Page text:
(LA JOLLA, CA) July 29, 2014—Human Longevity, Inc. (HLI), a genomics and cell therapy-based diagnostic and therapeutic company focused on extending the healthy, high performance human life span, today announced they have hired Franz Och, Ph.D., an expert in machine learning and machine translation as the company's Chief Data Scientist. Och comes to HLI from Google where he was Distinguished Research Scientist and the Head of Google Translate. He will report directly to HLI Co-Founder and CEO, J. Craig Venter, Ph.D.
"One of the biggest challenges in medicine and science today and thus, one of HLI's biggest challenges, is how to interpret the vast amount of biological data we are generating from sequencing individual genomes," said Venter. "To make these data interpretable and clinically actionable will require new computational tools. Franz brings not only unquestionable talent in this area, but also a fresh perspective and a creative mind to tackle what has never before been attempted. We are pleased to have Franz join us in our quest to revolutionize healthcare," he concluded.
HLI is building the world's most comprehensive human genotype and phenotype database to tackle the diseases associated with aging-related human biological decline. Building on Och's expertise in language translation, and using his skills in machine learning, he will be responsible for developing new computational methods to translate the human biological information in the forms of the whole human genome, microbiome, and protein sequencing data into the language of human health and disease using human phenotype data.
Och is currently recruiting and building a team of research scientists and software engineers who will be located in Mountain View, California.
"We're going to need the best and brightest from the areas of computer science, machine learning and big data generation and interpretation as well as those from biology, genomics and bioinformatics to reach a new level of understanding of this massive database" said Och. "I look forward to working with Craig and the team at HLI to enhance our understanding of human biology, to better manage the healthy aging process and thus increase the healthy human lifespan," he said.
Och will be working closely with Yaron Turpaz, Ph.D., MBA, HLI's Chief Information Officer. Turpaz leads bioinformatics efforts at HLI. The new Mountain View facility headed by Och will complement the informatics program at HLI's La Jolla facility, and the computing and informatics program and facility in Singapore headed by Turpaz.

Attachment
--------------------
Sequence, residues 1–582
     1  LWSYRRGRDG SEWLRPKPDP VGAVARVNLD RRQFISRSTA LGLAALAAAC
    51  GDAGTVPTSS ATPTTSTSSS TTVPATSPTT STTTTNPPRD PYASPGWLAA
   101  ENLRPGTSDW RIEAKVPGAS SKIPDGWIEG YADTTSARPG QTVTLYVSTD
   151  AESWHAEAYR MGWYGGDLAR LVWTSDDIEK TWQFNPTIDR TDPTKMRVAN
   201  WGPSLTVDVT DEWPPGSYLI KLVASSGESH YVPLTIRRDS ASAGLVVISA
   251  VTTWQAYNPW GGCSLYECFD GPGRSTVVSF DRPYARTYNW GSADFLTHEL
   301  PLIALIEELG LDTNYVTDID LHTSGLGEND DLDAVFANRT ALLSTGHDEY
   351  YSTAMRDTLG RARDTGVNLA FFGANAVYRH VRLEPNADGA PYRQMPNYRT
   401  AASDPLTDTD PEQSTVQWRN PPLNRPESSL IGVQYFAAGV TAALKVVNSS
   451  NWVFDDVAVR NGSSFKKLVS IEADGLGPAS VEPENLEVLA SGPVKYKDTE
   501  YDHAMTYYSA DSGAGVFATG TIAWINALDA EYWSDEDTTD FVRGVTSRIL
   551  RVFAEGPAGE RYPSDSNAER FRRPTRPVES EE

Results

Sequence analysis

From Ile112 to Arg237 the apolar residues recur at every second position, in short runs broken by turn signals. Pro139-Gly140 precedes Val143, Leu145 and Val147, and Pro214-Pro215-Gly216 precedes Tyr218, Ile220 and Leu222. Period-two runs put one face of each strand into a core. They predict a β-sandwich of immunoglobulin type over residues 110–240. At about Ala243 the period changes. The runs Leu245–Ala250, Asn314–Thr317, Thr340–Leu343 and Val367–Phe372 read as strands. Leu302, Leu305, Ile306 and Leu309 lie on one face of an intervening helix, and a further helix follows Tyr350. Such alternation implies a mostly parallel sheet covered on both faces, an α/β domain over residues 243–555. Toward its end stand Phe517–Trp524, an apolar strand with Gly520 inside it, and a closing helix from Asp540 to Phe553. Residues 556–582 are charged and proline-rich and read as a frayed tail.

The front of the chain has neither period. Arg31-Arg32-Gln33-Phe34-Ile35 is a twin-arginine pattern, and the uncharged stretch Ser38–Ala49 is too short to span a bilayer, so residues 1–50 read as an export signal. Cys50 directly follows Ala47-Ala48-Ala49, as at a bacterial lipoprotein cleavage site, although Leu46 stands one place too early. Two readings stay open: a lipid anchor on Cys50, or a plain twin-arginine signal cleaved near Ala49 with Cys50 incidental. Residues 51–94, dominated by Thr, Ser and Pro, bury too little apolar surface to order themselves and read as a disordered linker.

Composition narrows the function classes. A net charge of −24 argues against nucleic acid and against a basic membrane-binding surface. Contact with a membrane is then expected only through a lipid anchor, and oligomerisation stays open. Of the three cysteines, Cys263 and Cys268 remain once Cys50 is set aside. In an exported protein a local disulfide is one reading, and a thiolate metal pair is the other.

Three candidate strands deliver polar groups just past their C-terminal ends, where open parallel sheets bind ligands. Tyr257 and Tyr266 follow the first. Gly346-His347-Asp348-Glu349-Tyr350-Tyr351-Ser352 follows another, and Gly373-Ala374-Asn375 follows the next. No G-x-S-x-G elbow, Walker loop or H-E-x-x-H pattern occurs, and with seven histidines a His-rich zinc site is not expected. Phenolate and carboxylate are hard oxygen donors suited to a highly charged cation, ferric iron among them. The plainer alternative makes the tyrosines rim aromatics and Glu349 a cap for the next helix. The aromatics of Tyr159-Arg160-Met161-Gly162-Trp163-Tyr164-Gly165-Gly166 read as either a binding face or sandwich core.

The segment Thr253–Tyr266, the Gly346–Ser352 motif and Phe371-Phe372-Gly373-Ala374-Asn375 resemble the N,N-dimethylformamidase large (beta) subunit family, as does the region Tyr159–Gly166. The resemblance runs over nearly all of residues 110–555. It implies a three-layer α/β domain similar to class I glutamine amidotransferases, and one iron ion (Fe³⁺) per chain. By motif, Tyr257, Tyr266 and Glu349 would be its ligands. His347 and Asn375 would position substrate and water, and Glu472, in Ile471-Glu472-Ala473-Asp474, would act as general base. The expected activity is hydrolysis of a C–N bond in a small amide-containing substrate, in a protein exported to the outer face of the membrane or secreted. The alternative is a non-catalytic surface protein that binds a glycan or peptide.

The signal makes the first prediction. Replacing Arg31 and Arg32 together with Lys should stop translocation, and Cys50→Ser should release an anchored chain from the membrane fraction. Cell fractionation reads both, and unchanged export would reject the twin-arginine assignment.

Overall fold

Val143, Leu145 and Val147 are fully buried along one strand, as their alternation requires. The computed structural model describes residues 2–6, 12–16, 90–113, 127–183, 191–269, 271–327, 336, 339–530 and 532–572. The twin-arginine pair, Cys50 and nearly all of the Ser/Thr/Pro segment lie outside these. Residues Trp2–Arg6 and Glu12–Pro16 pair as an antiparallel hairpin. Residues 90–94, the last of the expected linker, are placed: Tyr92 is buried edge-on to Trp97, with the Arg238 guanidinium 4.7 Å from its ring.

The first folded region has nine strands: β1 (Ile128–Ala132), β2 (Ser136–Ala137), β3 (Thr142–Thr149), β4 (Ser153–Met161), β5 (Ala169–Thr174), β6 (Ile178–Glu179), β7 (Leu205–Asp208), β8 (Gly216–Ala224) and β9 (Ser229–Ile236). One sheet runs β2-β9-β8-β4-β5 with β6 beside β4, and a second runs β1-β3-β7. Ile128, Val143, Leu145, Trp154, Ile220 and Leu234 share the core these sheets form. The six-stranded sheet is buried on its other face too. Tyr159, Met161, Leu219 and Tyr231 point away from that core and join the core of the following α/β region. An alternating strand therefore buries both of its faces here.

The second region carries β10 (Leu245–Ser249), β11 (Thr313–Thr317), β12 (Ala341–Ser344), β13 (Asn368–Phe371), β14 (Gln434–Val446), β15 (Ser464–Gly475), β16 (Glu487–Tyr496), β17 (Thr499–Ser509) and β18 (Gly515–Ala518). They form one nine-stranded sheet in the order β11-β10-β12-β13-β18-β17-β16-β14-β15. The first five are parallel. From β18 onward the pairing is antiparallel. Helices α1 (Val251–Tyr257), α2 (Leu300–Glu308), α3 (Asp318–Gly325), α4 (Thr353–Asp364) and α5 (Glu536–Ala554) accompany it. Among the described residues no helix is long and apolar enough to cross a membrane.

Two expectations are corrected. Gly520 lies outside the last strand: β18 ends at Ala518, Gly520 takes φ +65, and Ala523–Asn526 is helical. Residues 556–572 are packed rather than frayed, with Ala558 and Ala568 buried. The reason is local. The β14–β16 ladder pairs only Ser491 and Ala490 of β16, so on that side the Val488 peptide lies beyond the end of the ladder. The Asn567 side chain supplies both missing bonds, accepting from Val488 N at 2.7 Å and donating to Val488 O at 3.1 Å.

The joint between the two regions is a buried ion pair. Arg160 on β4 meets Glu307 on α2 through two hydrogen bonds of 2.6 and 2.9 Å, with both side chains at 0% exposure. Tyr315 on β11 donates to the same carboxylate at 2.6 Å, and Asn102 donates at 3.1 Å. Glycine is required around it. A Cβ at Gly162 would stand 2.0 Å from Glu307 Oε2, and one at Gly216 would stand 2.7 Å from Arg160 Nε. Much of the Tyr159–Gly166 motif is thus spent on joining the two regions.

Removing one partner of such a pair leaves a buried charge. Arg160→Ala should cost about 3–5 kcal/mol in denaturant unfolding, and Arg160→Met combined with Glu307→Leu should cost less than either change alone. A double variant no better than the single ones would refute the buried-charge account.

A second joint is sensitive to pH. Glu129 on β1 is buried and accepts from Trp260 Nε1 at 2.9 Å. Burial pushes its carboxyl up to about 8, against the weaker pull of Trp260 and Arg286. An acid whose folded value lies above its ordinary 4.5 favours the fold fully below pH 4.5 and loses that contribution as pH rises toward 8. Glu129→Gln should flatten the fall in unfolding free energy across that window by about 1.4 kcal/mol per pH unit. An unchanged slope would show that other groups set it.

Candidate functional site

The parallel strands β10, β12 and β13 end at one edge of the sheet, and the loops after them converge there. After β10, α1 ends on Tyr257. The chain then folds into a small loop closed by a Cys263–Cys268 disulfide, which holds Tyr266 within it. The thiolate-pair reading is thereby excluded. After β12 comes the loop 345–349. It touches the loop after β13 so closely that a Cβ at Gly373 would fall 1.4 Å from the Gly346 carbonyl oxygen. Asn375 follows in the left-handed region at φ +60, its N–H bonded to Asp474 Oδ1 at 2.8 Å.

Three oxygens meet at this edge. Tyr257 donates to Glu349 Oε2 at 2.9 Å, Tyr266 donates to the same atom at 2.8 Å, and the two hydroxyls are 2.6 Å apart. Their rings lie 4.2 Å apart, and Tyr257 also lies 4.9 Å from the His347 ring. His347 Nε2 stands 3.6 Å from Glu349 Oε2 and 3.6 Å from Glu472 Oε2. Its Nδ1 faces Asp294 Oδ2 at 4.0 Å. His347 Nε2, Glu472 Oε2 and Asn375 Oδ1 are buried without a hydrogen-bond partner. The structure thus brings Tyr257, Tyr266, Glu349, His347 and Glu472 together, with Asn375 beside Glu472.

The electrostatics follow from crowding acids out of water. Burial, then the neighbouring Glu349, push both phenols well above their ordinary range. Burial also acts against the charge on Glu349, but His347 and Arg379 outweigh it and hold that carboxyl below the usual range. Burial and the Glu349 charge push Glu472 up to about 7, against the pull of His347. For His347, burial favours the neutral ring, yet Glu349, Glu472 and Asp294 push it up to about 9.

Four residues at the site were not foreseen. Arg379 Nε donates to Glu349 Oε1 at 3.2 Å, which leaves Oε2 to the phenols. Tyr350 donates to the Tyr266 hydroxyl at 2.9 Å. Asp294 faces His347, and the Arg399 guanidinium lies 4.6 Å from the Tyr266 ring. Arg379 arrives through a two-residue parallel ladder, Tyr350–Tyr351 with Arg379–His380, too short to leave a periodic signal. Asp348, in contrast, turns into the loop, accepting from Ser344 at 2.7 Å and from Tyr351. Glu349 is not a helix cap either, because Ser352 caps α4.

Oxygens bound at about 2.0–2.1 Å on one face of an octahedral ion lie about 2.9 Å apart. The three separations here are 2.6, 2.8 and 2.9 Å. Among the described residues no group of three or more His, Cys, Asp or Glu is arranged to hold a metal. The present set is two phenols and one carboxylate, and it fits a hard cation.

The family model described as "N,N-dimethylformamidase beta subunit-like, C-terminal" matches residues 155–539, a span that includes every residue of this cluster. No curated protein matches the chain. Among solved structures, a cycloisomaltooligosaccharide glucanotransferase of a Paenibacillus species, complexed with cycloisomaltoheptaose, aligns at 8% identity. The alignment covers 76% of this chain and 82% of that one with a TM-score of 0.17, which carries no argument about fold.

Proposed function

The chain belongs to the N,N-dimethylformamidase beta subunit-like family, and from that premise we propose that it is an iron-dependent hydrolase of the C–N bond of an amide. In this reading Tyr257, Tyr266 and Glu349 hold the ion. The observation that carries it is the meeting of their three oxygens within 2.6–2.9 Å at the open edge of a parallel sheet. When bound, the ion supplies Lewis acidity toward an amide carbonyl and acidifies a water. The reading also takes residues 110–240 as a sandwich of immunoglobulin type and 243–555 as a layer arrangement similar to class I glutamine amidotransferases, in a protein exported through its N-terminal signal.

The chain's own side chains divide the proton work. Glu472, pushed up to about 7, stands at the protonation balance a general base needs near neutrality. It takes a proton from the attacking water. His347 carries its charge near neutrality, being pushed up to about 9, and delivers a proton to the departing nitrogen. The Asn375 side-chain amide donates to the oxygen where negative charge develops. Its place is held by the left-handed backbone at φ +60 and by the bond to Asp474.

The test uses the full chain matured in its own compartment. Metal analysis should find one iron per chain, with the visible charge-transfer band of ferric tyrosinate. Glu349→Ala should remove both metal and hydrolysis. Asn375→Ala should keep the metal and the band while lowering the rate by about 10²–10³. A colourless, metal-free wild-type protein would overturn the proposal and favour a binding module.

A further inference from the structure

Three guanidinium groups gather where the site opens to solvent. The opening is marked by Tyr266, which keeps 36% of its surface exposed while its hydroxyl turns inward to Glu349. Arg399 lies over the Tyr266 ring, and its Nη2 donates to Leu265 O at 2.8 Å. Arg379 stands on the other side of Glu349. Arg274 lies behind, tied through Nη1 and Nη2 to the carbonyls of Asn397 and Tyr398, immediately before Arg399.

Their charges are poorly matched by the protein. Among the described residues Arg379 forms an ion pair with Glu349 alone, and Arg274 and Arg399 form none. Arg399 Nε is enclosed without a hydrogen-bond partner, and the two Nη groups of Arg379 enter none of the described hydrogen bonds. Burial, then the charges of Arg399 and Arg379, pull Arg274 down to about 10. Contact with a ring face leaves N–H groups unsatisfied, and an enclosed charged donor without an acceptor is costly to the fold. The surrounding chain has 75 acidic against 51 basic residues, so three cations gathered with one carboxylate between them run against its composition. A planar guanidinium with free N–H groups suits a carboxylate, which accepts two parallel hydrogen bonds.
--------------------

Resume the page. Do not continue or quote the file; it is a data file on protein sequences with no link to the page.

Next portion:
Since 2004 Och has been a research scientist and manager leading Google's Machine Translation Group. Och, who has been working on statistical machine translation since 1997, joined Google to research new ways by which Google could offer a much better machine translation system to their users, by employing an approach that uses massive amount of data. In just a few short years he and his team have revolutionized online translation. Now more than 80 different languages including Bengali, Basque, Swahili, Yiddish and Esperanto can be translated. Today there are more than 200 million active users on Google Translate and Och estimates that most of the translation done on the planet is done through Google's system.
Before joining Google Och was a researcher in the Information Sciences Institute at the University of Southern California, working on DARPA projects related to language translation. He holds a Master of Science degree in Computer Science from FAU Erlangen-Nuremberg, Germany and a Ph.D. in Computer Science from RWTH Aachen, Germany.
About Human Longevity, Inc.
HLI, a privately held company headquartered in San Diego, CA was founded in 2013 by pioneers in the fields of genomics and stem cell therapy. Using advances in genomic sequencing, the human microbiome, proteomics, informatics, computing, and cell therapy technologies, HLI is building the world's most comprehensive database of human genotypes and phenotypes as a basis for a variety of commercialization opportunities to help solve aging related disease and human biological decline. HLI will be licensing access to its database, and developing new diagnostics and therapeutics as part of their product offerings. For more information please visit, www.humanlongevity.com.